Ministry of Foreign Affairs

Eric Sundstrom (left) and Matt Johnson (right) - May 21, 2015

Eric Sundstrom (left) and Matt Johnson (right) – May 21, 2015

As Eric Sundström, political strategist for Minister of Foreign Affairs Margot Wallström, stated, Sweden’s foreign policy is a feminist policy. This of course is a very different way of thinking about politics especially for those who are representives in politics and for those who think about the philosophy of politics. Would an American politician or a strategist, an American male politician or strategist for that matter, ever state without regard for publication that the current government’s position is that of feminism? Clearly this is a different point of view. But does this point of view consist of emotional intelligence?

Consider this, emotional intelligence consists of self awareness, self management, social awareness, and self management. In Eric’s position, he takes the position of women despite being a man. A person might say, “What’s in it for him?” But that is precisely the point. Thank you for proving it. Eric in his statement illustrates empathy for women and for what they have had to endure throughout human history all the way back, to at least, the dawn of human civilization. Eric understands that women in the United States were not given the right to vote until the 19th amendment in 1920. He is an avid and admitted political junky of American politics and he is cognizant that women in Sweden did not gain the right to vote until 1921. But as Eric understands it, suffrage does not end with legislation. Views on women are embedded in cultural norms. As he rhetorically proposed during a sitdown – question and answer session at the Ministry of Foreign Affairs,

How can you heal a country when men are the only ones involved in the peace process? There is no peace with the [continued] oppression of women.

Today, no more than 20 percent of the United States congress, in either house, is represented by women. In Sweden, it is less than 50 percent in parliament, the Riksdag. But whereas the term feminism itself is not very well understood in the United States, it is embraced and applied as policy in Sweden. Indeed, the idea of this application should not only be mind-blowing to the American reader, but it should be difficult to comprehend. This is because the relationship between feminism and American politics lacks empathy of the plight of women and subsequently an ignorance of history.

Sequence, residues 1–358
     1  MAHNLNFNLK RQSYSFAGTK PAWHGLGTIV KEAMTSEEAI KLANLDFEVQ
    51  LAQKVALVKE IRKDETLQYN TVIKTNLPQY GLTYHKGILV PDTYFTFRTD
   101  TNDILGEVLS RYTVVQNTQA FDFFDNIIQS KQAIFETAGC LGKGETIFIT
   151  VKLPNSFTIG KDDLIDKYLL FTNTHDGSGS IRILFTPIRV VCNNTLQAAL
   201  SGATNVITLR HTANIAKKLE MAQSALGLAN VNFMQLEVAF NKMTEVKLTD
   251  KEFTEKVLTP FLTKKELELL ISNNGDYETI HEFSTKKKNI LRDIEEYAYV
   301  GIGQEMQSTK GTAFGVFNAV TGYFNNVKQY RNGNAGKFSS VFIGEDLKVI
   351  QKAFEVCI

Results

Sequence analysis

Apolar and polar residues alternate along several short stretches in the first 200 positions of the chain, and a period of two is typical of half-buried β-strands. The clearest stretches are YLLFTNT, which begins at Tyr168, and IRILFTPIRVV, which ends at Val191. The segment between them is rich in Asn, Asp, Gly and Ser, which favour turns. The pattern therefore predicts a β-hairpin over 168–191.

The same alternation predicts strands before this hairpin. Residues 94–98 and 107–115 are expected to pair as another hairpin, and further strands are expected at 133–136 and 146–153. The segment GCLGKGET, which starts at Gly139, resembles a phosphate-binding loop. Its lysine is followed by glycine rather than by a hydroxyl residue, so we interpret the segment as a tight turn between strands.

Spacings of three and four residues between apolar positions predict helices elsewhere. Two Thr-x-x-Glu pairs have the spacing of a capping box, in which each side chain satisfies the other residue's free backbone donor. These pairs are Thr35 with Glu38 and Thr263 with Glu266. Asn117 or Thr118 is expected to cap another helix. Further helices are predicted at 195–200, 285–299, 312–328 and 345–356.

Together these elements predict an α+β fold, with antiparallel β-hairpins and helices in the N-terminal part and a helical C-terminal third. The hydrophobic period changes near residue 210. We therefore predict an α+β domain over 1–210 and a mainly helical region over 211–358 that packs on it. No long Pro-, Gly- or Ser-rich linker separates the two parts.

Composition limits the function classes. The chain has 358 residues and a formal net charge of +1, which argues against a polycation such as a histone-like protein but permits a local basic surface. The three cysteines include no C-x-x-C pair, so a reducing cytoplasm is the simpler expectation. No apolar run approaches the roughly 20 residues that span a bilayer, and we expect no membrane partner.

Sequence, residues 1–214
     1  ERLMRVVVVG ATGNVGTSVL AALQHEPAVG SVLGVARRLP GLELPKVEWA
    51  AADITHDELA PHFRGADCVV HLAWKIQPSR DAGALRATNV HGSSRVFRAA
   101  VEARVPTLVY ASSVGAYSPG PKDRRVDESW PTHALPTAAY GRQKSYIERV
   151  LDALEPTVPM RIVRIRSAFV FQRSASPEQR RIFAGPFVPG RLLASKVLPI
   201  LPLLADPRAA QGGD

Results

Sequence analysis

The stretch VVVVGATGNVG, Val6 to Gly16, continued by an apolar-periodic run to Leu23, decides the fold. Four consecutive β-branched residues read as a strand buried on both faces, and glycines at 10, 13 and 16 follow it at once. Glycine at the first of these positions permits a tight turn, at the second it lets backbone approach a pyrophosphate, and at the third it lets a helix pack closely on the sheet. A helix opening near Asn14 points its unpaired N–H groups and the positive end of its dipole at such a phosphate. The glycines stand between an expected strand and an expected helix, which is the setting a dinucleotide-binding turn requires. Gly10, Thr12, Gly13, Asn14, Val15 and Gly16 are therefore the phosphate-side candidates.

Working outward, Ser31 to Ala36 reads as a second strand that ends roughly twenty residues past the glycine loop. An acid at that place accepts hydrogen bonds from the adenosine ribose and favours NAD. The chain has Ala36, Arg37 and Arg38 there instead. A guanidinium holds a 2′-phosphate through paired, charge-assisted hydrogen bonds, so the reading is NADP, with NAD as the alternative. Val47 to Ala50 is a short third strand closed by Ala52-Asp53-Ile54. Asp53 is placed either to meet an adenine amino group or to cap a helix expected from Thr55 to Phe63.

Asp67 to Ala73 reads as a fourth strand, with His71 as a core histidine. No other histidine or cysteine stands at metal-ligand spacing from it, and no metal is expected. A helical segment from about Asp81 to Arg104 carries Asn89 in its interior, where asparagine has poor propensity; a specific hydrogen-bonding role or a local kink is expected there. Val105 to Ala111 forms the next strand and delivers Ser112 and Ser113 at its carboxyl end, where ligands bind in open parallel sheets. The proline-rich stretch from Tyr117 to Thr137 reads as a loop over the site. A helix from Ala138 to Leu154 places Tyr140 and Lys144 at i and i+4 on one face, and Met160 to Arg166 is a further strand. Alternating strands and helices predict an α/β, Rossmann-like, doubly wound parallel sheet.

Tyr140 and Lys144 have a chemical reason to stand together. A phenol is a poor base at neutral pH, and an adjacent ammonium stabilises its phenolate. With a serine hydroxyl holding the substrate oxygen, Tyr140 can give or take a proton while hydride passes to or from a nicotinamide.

In Eric’s quote, the focus is on including women in the agenda setting and policy making process. In emotional intelligence language, this is relationship management; that is, inspiring women and developing women as future leaders. Indeed, American politicians will state that there ought to be more women in leadership positions, but will they refer to inspiration and development as a necessary component of the peace process? Will they acknowledge the legitimacy of feminism as a viable alternative to the highly androcentric culture that is the American culture?

The Swedish Trade Union Confederation

Veronica Middlebrook (left), Oscar Ernerot (center), and Matt Johnson (right) - May 26, 2015

Veronica Middlebrooks (left), Oscar Ernerot (center), and Matt Johnson (right) – May 26, 2015

Oscar Ernerot is the Ombudsman for LO-Sweden; that is, the Swedish Trade Union Confederation. The LO-Sweden is a labor movement organization that involves itself in the welfare and solidarity of workers in Sweden and abroad. Its focus is to first provide employment to Swedish workers with the hopes of providing a better life. It also focuses on the education, continuing education, and enrichment of its workers. As Oscar conveyed during a visit by the students of the Iowa State University Global Leadership Study Abroad Program, Gender is at the foundation of the Confederations’ policies; thus, LO willingly takes a feminist position like that of the Swedish government and the Ministry of Foreign Affairs.

When asked by the author of Urban Dynamics if the LO was aware of and acknowledged the discrepancy of representation between men and women at the board level of its very own organization, three men and one woman, Oscar strongly agreed with the observation, displaying self awareness of his own organization, and stated that one of the main missions of the LO was to correct that unequal respresentation.